Please don’t be fooled – this is not the recipe for traditional, nonya pineapple tarts made for Chinese New Year. This is a western pie recipe for which the filling is pineapple. Grandma also had a recipe for Pineapple Pie Filling that you might want to have a look at.
Interesting food journeys are hinted at in this recipe. My guess is that it is an American recipe as pies are a more prominent part of American cuisine than British cooking. As I’ve mentioned before, my grandmother read McCalls, an American women’s magazine famous for its recipes, and learnt about American food from ladies in the YWCA such as a Mrs Armstuz.
The pineapple is a plant native to the Americas, so Americans might have obtained their pineapples from Hawaii or Latin America. However, Europeans got their pineapple in canned form, often from Southeast Asia. The European colonial presence – Portuguese and Spanish from the 15th-18th centuries – brought the pineapple from the New World to tropical Southeast Asia. Under British colonial rule in the 19th century, Malaya became a major world exporter of canned pineapple. [Bibliographic note: The Pineapple: The King of Fruits by Fran Beauman is extremely informative on the Hawaiian canned pineapple industry, but disappointingly only has brief references to Malaya on a couple of pages, despite the importance of Malayan pineapple exports in the world market.]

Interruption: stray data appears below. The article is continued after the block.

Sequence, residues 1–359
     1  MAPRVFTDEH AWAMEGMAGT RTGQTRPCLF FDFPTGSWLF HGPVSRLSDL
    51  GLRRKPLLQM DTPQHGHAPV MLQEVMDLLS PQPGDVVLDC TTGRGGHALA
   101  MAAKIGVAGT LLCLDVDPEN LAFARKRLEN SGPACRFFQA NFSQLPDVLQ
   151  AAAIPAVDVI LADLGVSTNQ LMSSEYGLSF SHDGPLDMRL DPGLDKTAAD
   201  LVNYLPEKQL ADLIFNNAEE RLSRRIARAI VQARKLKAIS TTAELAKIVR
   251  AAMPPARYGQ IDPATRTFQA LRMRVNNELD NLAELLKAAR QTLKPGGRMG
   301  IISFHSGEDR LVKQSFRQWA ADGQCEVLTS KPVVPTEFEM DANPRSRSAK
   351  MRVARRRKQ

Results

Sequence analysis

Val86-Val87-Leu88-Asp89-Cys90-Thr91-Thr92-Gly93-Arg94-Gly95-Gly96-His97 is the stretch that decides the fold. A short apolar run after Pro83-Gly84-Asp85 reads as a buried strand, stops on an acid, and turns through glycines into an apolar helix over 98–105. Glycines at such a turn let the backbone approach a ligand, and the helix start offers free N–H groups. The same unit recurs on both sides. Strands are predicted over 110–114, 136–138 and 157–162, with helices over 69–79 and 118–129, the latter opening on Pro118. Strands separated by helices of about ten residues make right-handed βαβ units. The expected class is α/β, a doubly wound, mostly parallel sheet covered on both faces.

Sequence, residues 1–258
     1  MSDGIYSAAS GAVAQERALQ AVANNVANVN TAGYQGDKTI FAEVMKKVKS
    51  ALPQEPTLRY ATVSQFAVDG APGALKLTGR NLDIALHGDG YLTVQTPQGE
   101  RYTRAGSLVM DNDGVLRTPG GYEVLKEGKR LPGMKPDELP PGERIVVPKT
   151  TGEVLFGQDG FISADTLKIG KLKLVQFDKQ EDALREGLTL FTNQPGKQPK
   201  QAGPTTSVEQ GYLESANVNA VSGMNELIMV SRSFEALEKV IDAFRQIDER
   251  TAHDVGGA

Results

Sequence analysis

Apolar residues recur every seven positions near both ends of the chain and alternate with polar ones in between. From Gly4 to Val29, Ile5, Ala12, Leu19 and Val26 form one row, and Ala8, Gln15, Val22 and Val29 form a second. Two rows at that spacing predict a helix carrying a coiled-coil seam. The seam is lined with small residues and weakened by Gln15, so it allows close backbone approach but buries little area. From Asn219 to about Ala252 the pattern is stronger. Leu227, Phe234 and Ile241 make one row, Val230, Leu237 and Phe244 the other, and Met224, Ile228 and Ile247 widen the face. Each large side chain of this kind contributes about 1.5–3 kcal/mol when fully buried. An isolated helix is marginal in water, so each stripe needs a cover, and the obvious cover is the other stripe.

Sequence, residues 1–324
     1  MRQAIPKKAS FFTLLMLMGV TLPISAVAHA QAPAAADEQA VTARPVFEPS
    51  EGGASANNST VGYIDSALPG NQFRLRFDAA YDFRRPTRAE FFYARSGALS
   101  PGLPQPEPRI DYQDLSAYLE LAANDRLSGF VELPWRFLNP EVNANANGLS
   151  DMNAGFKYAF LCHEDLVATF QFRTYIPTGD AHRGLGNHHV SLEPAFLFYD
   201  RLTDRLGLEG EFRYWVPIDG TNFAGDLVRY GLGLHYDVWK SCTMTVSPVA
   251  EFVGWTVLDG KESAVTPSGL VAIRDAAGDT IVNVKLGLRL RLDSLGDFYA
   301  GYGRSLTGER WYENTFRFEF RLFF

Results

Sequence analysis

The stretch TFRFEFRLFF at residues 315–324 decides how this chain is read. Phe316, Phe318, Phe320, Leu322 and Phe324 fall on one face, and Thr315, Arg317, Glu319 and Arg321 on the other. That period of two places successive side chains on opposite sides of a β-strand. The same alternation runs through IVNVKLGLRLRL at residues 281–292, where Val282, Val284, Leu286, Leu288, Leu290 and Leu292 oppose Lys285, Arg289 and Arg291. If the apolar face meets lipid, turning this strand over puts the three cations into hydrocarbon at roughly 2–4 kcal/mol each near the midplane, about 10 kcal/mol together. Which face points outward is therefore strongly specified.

In the early twentieth century, the famous industrialist and philanthropist in Singapore, Tan Kah Kee (陳嘉庚), had a massive business producing canned pineapple (continuing from his father, Tan Kee Peck, who had secured 70 percent of the Malayan export trade in pineapples by 1900). Here is an interesting description of Tan Kah Kee’s pineapple business:
…[Tan Kah Kee] made daily contact with European agency houses and found out for himself the overseas demand for various types and styles of canned pineapples (for example, sweetened or unsweetened, with different slice shapes and sizes), so that he could manufacture products according to specific demands or changing tastes.
[Reference: C.F. Yong, Tan Kah Kee: The Making of an Overseas Chinese Legend (Singapore: Oxford University Press, 1987), pp. 21, 44-46]
This recipe calls for ‘drained pineapple’ and making use of the juice, which indicates that it’s canned pineapple that’s required, not the fresh type that was so easily available in Singapore/Malaya — another hint at the foreign origins of this recipe, yet using a very homegrown ingredient which became popular around the globe.
Also, a pie crust is required but there are no instructions for this. Perhaps try grandma’s Graham Cracker pie crust recipe here.
[22/9/07 update: Grandmother’s recipe for shortcrust pastry for the pie crust here.]
[19/12/07 update: another shortcrust pastry recipe from grandma here.]